Several insiders are questioning who actually spoke with Goldman Sachs, former editor at large Eugene S. Robinson tells TheWrap-Up podcast
The podcast was hosted by Wrap Editor Sharon Waxman and Assistant Managing Editor Lawrence Yee.
In its exposé, the New York Times wrote that Rao changed the video call to a voice conversation, and sent a newaddress for Google executive Alex Piper, and then altered his voice to impersonate Piper in order to vouch for Ozy’s strong YouTube presence.
Robinson said that numerous people who have reached out to him to say they believed the digitally altered voice actually belonged to Watson himself. As the face and brand of Ozy, Watson would have had a lot to lose — including the survival of his company — if he were to be exposed as responsible for this incident.
Watson did not respond to several attempts to reach him by phone, text and email to request a response. Rao also did not respond to multiple requests for comment. Since the report, Rao has not explained his involvement, and his social media and online profiles have disappeared.
A rep for Goldman Sachs also did not immediately respond to requests for comment.
After this story was published Thursday night, Times media columnist Ben Smith tweeted, “I asked Watson this, and he denied it to me. Rao hasn’t commented one way or the other this whole time. Watson has been saying since February it was Rao, an assertion [investor and former Ozy board chairman] Marc Lasry also made.” (There is no indication that Lasry himself was on the fateful call.)
Previously, an individual with knowledge of Watson’s thinking told TheWrap that Watson was not on the call, and that he reacted the same day, after Goldman Sachs reached out to him to flag their suspicions. The FBI is currently investigating the incident, the Times reported.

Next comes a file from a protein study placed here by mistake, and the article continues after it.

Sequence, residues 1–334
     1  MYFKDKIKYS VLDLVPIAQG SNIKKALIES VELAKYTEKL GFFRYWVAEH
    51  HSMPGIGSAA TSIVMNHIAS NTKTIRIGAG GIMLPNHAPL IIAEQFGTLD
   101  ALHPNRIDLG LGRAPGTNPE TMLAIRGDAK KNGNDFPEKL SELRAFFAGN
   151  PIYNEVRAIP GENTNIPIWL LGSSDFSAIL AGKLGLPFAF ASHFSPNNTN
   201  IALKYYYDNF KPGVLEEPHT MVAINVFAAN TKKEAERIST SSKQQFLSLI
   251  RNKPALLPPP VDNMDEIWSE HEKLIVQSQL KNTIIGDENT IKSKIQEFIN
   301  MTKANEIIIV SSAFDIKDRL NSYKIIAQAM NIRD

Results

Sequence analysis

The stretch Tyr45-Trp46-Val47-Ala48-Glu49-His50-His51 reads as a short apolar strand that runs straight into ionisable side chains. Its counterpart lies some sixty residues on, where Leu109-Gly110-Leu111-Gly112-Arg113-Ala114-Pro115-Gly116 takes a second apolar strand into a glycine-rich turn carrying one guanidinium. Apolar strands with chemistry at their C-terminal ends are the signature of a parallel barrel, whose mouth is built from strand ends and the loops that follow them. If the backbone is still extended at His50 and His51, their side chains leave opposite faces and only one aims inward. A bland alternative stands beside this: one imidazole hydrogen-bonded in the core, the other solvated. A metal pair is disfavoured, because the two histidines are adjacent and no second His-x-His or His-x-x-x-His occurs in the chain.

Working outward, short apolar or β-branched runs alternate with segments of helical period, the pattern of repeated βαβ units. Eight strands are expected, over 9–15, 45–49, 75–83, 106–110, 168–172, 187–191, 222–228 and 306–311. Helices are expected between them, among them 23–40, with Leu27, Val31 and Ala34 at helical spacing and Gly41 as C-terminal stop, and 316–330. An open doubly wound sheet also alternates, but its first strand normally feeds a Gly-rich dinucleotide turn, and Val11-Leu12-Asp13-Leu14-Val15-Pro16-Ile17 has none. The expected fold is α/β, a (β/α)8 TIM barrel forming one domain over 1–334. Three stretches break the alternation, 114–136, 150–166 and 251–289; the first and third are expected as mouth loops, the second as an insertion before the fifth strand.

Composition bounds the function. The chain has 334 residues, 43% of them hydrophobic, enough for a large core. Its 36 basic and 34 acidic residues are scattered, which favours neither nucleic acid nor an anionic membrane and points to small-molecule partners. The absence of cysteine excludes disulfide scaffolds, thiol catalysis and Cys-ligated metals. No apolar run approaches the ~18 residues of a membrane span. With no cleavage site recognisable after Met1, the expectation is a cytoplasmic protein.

But Robinson said that Watson and Rao typically took investment calls together in the Ozy conference room at its offices in Mountain View, California.
Sources told Times’ Smith there was something strange about the voice that presented the glowing reviews to the investors — it sounded like it was altered. In response, Watson cited this incident as a mental health crisis for his COO, and that Rao had since gotten treatment and returned to work after that.
The Zoom call took place in February as Goldman Sachs was closing a $40 million round of investment in Ozy, a nine-year-old media venture based in Mountain View. The video conference was supposedly between Piper, YouTube’s head of unscripted programming for YouTube Originals, and the Goldman Sachs asset management team.
Less than two weeks ago, Ozy was also exposed for inflating metrics on audience and traffic and making false claims about its shows, partnerships and investors over the years. Four days after the devastating report, the company board said Ozy was shutting down on a Friday. But by Monday, Watson reappeared on air saying Ozy was relaunching.
The full podcast will post on Friday.
Lawrence Yee contributed to this report.
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